For us, however, this whole ordeal is quite an inconvenience.  First, the infected paper comes down, followed almost immediately by the strong order of mildew. Next, the Japanese spray and scrub down the exposed drywall with a very popular chemical solution sold in droves in their DIY stores, which, by my uncalibrated smell-o-meter, is at least 50% bleach, and 50% equally deadly “stuff.” I can only imagine the warnings and MSDS that accompany this stuff if sold in at home….  So the condo smells as strongly as I imagine a disinfected African Ebola ward would.

This Chemical should require some increased level of MOPP!

This Chemical should require some increased level of MOPP!

The walls remain bare while they dry, which means at least four days of camping and sleeping in our living room while the AC blasts our bedroom, windows open, bathroom exhaust fan on, and air intake handler running on high.  We literally brought too much schtick with us to have a guest room, and besides, we only have one bed at present.  The abusive smell slowly trails off with each passing day, and the walls dry before our very eyes.  This time around, in an effort to avoid having to do this again in two months, I actually caulked the screws, holes, old repairs, and seams in the drywall, all of which were never taped, mudded or sealed properly in the first place.  For a domicile on the waterfront, there certainly isn’t a lot of attention paid to waterproofing….

I was not shy with the caulking.

I was not shy with the caulking.

So it’s Saturday as I write.  The paper came down this past Thursday afternoon, and this coming Monday we get our new wallpaper. Followed necessarily by a deep cleaning of the bedroom and a change of bedding.  But then there’s the bane of my existence as a domestic engineer:  the dreaded dusting of all our bedroom’s horizontal surfaces!

Old and poor patches, evidence of leaks in the past.

Old and poor patches, evidence of leaks in the past.

dampness-fig2dampness-fig1So hopefully in a mere 48-odd hours this round of tropical troubles will be over.  Mold here is viewed as a by-product of the environment, as opposed to something that is harmful and which can be defeated at the start by better engineering and construction practices.  In other words, I lived on the Inter-coastal Waterway in Florida for five years, and mold wasn’t even something I ever remotely worried about.  While the Japanese seem rather dismissive of the health impacts of mold and mildew, there is pretty ding-dang clear evidence that either (or both) increase the risk of respiratory illness, particular in those with pre-existing conditions (like asthma), and for the very young and very old.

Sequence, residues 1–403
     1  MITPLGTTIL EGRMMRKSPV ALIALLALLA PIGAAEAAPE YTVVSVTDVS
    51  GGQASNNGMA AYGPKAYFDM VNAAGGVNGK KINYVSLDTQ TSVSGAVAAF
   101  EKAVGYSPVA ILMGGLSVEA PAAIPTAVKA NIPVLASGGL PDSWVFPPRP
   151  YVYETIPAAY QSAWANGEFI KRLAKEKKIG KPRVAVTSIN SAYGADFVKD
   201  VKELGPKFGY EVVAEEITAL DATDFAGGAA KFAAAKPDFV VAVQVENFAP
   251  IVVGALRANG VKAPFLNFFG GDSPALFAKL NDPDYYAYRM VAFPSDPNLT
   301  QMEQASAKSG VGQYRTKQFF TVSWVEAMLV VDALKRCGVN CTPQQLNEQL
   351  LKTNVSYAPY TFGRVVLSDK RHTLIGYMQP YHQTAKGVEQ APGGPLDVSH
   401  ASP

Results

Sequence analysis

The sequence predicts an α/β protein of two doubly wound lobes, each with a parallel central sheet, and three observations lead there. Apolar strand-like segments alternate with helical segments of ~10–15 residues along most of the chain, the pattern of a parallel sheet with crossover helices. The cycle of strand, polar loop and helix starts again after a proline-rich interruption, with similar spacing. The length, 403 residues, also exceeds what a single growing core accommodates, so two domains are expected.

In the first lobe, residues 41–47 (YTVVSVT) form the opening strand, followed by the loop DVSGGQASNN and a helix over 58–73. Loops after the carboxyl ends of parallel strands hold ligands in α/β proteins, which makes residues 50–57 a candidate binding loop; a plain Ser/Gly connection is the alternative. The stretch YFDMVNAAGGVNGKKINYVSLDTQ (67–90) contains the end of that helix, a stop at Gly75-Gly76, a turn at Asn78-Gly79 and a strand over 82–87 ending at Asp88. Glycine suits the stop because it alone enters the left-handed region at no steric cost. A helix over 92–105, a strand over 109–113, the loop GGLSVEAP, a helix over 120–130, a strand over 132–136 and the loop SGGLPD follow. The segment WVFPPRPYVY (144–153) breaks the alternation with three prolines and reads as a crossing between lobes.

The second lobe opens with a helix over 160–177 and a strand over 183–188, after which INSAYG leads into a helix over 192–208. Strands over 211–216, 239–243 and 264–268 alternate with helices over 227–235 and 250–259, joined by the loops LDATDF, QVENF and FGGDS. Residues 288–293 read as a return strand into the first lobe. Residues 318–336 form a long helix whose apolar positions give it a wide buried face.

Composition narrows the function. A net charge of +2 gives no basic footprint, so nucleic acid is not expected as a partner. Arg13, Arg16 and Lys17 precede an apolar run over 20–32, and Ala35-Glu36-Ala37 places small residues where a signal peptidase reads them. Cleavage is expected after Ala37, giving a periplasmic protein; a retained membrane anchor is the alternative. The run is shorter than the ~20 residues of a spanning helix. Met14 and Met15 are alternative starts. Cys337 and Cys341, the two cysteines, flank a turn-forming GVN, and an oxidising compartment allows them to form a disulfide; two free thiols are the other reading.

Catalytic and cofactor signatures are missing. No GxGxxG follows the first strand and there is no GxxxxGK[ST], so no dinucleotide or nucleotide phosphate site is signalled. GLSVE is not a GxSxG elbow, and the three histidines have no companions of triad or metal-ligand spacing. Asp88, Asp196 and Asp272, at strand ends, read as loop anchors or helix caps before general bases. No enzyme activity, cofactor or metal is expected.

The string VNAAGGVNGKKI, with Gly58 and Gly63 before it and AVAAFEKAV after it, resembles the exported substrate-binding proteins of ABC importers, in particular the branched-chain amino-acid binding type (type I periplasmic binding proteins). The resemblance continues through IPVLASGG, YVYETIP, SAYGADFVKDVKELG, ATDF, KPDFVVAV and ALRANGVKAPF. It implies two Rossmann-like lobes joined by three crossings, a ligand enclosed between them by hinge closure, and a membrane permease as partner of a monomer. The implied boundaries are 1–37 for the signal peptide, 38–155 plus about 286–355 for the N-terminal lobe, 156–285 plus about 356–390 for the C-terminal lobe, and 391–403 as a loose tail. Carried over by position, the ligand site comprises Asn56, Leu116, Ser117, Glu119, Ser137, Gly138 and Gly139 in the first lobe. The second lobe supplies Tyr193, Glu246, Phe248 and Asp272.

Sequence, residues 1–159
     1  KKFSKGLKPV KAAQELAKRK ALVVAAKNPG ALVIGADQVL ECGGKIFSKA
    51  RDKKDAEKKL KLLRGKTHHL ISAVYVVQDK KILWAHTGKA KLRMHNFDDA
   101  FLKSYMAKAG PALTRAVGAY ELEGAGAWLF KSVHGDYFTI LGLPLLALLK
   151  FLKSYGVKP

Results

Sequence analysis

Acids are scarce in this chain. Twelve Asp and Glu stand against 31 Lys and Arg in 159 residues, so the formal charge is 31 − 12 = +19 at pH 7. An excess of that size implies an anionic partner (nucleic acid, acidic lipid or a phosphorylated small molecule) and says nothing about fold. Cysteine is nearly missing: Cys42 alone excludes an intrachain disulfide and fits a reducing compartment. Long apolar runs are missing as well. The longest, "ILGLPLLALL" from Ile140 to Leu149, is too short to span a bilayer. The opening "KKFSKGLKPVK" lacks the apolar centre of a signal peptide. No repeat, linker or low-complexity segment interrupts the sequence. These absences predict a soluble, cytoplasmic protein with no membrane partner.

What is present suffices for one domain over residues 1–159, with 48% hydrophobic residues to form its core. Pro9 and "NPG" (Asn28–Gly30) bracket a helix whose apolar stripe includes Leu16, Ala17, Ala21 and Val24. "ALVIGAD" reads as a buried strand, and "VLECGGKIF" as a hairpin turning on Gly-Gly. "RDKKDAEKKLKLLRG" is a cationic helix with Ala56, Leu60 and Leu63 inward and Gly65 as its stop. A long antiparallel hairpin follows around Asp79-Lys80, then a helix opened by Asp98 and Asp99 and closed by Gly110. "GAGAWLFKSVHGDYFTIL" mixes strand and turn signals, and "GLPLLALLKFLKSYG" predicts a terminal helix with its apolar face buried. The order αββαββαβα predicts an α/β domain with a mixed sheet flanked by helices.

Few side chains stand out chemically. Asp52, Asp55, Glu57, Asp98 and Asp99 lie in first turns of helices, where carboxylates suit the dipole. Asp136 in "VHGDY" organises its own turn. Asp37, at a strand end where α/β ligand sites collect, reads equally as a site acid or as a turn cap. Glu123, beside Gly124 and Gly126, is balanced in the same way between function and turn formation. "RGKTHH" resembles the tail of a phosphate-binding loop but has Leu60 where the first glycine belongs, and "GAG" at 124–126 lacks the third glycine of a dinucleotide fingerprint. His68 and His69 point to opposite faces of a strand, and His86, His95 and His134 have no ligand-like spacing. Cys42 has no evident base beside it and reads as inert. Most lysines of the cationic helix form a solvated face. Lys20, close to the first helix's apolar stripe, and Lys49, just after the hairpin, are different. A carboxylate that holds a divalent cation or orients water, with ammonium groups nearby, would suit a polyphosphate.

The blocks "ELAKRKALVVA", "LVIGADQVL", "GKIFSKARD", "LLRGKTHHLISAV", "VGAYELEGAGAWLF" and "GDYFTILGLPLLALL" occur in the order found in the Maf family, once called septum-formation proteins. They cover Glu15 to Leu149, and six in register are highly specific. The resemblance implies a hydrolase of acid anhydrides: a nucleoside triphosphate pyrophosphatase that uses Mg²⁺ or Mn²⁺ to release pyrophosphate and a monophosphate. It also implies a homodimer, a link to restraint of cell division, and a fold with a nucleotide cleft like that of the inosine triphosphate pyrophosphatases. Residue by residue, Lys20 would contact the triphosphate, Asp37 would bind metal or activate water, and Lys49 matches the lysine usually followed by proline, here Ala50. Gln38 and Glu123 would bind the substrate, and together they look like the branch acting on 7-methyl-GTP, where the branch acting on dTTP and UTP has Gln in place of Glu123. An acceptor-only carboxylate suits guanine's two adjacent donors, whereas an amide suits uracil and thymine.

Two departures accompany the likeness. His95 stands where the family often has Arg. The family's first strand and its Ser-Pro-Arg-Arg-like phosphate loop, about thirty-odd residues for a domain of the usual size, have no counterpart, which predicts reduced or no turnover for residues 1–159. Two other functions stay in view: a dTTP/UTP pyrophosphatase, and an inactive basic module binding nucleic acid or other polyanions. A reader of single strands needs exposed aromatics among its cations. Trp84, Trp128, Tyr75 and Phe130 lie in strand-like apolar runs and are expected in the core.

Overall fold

On the other hand, the structures here are well-engineered against earthquakes and typhoons, both of which we have uncomfortably experienced first-hand and without issue.  So maybe, just maybe, we should accept the new wallpaper graciously.

At least we're not dealing with this!

At least we’re not dealing with this!

My lungs and throat, however, compel the fight against the marauding mold.  Our tactical victories may continue, but stay tuned for any strategic surprises later this summer and fall.

The Cat-Dogs of Okinawa: Guardian Shisa


“Time spent with cats is never wasted.”  ~ Sigmund Freud

“There is no psychiatrist in the world like a puppy licking your face.”  ~ Bernard Williams

Thankfully, not this kind of Cat-Dog.

Thankfully, not this kind of Cat-Dog.

Sometimes I really want a dog.  These daze (pun intended), maybe even most of the time.  I have been suffering a rather serious (physical) ailment, and a family member who would be ecstatically happy to see me come home, who would be a whore for my love, and who would understand at least a few f-in’ words of English would certainly alleviate my darker moods.

But don’t tell all that to Cleopatra.  Who is certainly not a dog.

A yawn is about as close to a roar as we get out of Cleo.

A yawn is about as close to a roar as we get out of Cleo.